One of the most frequent questions we receive are inquiries from customers wondering the appropriate age for children to start riding.
This question does not come with a precise answer, but instead, a series of guidelines for parents to consider. Physical and emotional development coupled with the ability to follow directions are key attributes to examine when considering riding lessons for your child. Parents, knowing their children best, should proceed with guidance from skilled instructors.
Horses and even ponies are very large, and potentially dangerous animals. Before purchasing one for a child, or initiating riding lessons, it’s important that parents are prepared, and more importantly that the child is prepared.
“As in all sports, children should be able to gain confidence and some independence from being involved with horses,” says EMSA President, Deborah F. Stanitski, M.D. “Since safety is such a big issue I feel that the instructor should stress this aspect in terms of horse handling, stall safety, leading, cross-tying & finally riding.”
The following information is shared with the permission of the Equestrian Safety Medical Safety Association.
A child must never be mounted on a horse without a secured, ASTM standard SEI-certified helmet.
Your child should have:
• The desire to ride
• Muscle strength to hold the proper position in the saddle
• The ability to understand instructions and follow directions
• Sufficient attention span for instruction
• Neck muscles strong enough to support a fitted, secured certified protective helmet
The horse should be:
• Suitable for children with a quiet, calm nature
• Small enough to allow the child’s legs to be under the child’s body, and the foot reaches halfway down the side of the horse
The equipment should include:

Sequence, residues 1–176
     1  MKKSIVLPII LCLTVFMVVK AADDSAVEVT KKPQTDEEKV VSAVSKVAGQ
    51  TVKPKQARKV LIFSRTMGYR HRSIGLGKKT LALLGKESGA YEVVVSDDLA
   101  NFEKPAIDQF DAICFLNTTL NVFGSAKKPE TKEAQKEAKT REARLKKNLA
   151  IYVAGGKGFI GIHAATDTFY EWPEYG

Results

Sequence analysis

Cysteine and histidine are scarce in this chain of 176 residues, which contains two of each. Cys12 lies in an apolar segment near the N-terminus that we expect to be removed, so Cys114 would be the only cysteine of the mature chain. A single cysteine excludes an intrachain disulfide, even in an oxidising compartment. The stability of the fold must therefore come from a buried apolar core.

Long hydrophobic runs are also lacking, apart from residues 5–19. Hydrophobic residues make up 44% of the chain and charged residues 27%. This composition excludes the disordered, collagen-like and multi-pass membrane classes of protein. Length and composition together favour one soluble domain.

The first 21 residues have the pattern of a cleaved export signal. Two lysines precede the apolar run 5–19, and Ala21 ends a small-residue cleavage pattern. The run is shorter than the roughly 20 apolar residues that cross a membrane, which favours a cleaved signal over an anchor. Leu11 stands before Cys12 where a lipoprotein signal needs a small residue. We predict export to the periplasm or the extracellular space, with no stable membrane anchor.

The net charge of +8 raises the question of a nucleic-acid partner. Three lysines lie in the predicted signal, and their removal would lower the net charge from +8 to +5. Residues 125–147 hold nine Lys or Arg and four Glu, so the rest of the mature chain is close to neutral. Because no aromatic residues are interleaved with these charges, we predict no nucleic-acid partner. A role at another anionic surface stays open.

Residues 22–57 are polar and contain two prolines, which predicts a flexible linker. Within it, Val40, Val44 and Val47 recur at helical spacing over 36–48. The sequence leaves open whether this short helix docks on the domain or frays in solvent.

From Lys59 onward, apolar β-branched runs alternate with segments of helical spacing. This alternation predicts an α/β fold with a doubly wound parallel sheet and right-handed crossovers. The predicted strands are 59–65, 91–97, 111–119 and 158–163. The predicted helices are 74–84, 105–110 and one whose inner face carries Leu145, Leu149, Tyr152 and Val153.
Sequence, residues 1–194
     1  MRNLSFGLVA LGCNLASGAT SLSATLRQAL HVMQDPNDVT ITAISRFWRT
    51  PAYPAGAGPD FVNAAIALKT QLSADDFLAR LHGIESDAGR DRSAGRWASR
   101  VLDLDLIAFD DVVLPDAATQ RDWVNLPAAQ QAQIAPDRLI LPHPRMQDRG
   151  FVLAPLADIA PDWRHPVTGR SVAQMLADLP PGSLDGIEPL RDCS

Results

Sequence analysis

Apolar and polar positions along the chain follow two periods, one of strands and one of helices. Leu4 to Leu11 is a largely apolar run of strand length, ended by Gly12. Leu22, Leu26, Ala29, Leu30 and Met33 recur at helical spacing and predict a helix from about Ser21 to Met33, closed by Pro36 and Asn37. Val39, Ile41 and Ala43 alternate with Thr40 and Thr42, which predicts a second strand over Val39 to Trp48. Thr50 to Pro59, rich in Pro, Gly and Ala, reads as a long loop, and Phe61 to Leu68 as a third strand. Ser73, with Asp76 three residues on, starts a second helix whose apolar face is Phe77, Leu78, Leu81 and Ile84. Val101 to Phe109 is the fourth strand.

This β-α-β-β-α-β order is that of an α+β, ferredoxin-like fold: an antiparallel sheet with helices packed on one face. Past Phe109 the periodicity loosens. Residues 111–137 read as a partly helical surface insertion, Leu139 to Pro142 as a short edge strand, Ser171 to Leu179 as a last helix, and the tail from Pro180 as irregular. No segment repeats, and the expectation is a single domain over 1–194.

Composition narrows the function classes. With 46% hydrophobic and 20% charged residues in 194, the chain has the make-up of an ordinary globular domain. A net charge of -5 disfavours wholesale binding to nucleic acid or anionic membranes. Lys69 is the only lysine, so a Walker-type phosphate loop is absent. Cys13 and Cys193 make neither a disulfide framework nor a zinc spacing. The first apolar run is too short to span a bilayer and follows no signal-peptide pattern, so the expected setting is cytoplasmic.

• A saddle that fits the size of the child
• A saddle that fits the size of the horse
Then you’ll need a qualified instructor who:
• Has experience and patience to work with young children
• Has appropriate discipline and control of the program
• Teaches in a fashion to all progressive development of motor skills
• Has knowledge of riding skills appropriate for the age of the child
• Has requirement for a fitted, secured ASTM/SEI-certified headgear at all times when mounted
• Knows when a helmet is well-fitted
• Has facilities with a small closed ring away from motorized traffic, other horses and disruptive activities
• Is certified by a recognized, national equestrian instruction program that includes CPR-First Aid certification as part of its program
Did you know?
• No child should ride a horse without the appropriate skills and level of development for riding
• No adult should ride double with an infant or child
This brochure is available for downloading for personal use or distribution in horse-related activities such as clinics, exhibits, shows or meetings. For more information, please visit: www.emsaonline.net
How old did your child start riding? What are your thoughts on how old children should be?
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- November 03, 2011